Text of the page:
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---------- Forwarded message ----------
From: Adin Burroughs <email@example.com>
Date: May 9, 2005 1:12 AM
Subject: Filename Globbing issues on Win32?
OK, first off, I'm on Win32 (XP) using 5.3 of coreutils.
I have been knocking my head on this and I'm feeling *really* stupid.
I swear, I'm unix literate, but I can't seem to get the following to
work without cheating:
cp -uvp "c:\dir with space\long path\*" k:\path
cp -uvp "c:\dir with space\long path"\* k:\path
I call this "cheating": (though it works)
cp -uvp c:\dirwit~1\longpa~1\* l:\path
this also works:
cp -uvp "c:\dir with space\long path\filename" k:\path
The problem seems to crop up when using wildcards in a path enclosed
by quotes. The exact error that cp gives is that it can't stat the
path, so it's an invalid argument.(it does echo back the escaped path
-- c:\\dir with space\\long path\\*)
I haven't been able to find much of anything in the documentation that
specifically addresses the windows implementation...and I didn't see
anything in the bug archives.
Am I missing something *really* obvious, or have I tripped across an
old bug? (this behavior is consistent with coreutils 5.2.1 and the
older fileutils versions).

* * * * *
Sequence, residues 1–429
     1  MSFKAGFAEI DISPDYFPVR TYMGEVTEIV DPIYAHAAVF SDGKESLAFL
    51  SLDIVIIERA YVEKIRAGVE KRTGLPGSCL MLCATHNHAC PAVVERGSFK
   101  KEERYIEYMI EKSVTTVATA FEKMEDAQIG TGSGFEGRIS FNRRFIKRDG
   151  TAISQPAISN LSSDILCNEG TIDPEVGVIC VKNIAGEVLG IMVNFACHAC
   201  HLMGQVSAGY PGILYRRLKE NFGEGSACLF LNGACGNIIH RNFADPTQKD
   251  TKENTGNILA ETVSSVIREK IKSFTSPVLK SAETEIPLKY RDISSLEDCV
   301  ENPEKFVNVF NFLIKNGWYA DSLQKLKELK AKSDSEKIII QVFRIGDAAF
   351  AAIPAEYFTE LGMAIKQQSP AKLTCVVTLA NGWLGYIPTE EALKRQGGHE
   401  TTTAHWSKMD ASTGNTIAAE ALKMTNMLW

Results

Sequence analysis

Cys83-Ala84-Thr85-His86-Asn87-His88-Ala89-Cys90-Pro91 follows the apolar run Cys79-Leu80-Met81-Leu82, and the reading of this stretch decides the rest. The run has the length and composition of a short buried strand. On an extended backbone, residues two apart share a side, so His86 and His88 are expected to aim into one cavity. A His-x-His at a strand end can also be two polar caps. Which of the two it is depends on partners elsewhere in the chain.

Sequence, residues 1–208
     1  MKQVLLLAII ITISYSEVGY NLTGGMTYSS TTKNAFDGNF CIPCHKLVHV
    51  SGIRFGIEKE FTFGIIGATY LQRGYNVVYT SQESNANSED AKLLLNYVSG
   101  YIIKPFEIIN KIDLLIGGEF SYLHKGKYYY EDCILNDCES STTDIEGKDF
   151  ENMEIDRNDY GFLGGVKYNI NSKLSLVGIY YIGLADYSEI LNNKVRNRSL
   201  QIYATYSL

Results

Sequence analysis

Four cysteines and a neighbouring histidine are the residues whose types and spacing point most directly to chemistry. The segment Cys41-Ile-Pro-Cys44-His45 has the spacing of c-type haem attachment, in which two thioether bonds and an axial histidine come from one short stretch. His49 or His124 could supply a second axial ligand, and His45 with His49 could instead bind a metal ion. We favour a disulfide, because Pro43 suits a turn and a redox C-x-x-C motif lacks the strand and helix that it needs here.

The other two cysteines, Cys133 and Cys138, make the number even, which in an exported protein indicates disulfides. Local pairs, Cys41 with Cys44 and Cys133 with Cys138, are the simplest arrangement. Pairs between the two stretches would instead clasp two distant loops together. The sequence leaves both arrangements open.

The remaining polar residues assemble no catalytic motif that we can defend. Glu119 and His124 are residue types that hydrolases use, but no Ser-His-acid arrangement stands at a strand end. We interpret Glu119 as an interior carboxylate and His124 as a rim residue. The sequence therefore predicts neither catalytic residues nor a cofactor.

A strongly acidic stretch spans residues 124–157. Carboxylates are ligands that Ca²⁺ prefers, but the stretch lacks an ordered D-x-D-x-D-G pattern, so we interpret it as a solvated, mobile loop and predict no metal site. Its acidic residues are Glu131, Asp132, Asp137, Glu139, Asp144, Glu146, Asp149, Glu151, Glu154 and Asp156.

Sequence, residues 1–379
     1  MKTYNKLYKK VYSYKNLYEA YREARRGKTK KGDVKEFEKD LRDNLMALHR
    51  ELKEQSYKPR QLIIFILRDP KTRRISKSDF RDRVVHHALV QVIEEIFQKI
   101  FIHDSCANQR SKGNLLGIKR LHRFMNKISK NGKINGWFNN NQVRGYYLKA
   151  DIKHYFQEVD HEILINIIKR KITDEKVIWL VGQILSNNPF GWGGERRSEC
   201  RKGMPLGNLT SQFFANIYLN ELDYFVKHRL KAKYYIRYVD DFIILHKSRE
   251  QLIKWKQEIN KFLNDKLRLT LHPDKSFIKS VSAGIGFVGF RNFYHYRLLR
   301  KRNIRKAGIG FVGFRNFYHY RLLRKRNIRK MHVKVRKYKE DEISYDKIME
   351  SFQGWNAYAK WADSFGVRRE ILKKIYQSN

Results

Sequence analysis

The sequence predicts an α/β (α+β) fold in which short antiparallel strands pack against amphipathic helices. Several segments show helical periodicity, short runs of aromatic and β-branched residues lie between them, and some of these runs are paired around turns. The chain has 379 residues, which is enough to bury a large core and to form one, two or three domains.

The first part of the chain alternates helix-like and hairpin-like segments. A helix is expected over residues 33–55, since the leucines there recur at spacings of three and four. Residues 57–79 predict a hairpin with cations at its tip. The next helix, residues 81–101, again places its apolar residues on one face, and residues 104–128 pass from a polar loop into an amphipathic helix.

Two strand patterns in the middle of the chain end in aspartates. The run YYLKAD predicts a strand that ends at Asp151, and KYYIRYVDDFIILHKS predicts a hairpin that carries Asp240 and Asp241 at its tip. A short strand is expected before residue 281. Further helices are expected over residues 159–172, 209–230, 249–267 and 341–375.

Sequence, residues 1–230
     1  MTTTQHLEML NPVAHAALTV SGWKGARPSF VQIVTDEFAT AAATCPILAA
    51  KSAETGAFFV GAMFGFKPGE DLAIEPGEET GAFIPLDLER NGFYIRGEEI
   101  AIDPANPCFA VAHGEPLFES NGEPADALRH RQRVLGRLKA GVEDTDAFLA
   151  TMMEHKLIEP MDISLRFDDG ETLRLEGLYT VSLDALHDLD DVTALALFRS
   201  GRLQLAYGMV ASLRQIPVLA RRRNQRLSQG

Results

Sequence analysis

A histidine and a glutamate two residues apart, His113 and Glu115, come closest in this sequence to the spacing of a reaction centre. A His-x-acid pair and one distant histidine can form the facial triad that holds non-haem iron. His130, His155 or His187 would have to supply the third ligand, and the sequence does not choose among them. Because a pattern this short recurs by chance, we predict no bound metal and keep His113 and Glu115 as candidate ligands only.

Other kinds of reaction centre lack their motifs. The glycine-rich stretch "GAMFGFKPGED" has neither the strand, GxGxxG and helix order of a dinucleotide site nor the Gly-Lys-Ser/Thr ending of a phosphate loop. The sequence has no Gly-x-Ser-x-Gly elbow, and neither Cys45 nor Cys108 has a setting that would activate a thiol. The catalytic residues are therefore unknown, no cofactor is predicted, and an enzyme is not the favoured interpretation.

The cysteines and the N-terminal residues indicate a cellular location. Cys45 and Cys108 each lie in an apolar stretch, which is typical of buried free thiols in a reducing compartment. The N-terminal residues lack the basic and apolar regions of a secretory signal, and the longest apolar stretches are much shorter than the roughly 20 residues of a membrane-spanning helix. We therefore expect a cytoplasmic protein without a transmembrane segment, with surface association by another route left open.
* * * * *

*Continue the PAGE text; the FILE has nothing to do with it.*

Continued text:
The guys over at the gnu coreutils list think its a bug in the GnuWin32 implementation of coreutils....is there anything specific to the windows shell to take care of filename globbing?
Thanks in advance!
Really obvious? no.
Did the coreutils folk really blame GnuWin32? 10 points from their house, for finger pointing.
The problem is not cp, coreutils, or GnuWin32. Indeed, the question is not "how", but "who".
I am guessing that you are calling cp from a Windows Command Prompt (aka cmd.exe). Try this:
Try it especially in some directory with lots of files. You should get back one line, with a single asterisk. On a Unix-like system, running 'echo *' in just about any common shell would print out the names of all entries in the current directory, like ls, but all mashed together without the ls row & column formatting.
You are running into problems with wildcard expansion. Which the Windows Command Prompt doesn't do. But then, neither does cp. Instead, it presumes that the shell (its caller) actually handed over valid file names. And cp can't find a file called '*', so it complains.
If you still want to used cmd.exe, then I have no idea. The old Mortice Kern System ($$) version recognized that its caller didn't do expansions, so it would do them in-process.
UnxUtils has Amol Deshpande's port of zsh to Windows (as sh.exe). This expands wildcards more as you expect.